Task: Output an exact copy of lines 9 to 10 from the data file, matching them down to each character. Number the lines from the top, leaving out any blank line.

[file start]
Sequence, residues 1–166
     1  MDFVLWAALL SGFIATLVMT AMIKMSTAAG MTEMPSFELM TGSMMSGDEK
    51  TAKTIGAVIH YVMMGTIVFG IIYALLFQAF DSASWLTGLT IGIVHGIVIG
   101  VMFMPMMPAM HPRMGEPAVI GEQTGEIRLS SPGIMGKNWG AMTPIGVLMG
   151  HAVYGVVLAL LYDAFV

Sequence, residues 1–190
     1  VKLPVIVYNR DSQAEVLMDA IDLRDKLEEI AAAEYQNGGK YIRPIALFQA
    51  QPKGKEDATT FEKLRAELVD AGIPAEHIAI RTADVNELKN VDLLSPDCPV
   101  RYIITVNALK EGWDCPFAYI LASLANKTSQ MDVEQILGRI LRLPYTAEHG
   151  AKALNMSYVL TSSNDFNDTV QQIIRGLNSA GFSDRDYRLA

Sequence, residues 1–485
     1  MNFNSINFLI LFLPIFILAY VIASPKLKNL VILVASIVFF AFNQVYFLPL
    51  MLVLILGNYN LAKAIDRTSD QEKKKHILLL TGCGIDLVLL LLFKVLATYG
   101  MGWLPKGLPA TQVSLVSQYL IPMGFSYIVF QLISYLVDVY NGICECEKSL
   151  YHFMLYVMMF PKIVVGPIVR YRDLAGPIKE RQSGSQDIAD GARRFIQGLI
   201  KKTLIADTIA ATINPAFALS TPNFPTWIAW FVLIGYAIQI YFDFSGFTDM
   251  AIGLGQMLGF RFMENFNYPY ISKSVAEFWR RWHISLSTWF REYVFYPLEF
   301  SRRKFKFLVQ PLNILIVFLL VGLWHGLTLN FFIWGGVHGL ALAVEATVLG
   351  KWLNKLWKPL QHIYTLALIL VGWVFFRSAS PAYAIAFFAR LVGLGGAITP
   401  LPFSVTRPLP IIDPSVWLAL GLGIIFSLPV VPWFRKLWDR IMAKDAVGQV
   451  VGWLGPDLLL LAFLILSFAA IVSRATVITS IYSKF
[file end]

   101  RYIITVNALK EGWDCPFAYI LASLANKTSQ MDVEQILGRI LRLPYTAEHG
   151  AKALNMSYVL TSSNDFNDTV QQIIRGLNSA GFSDRDYRLA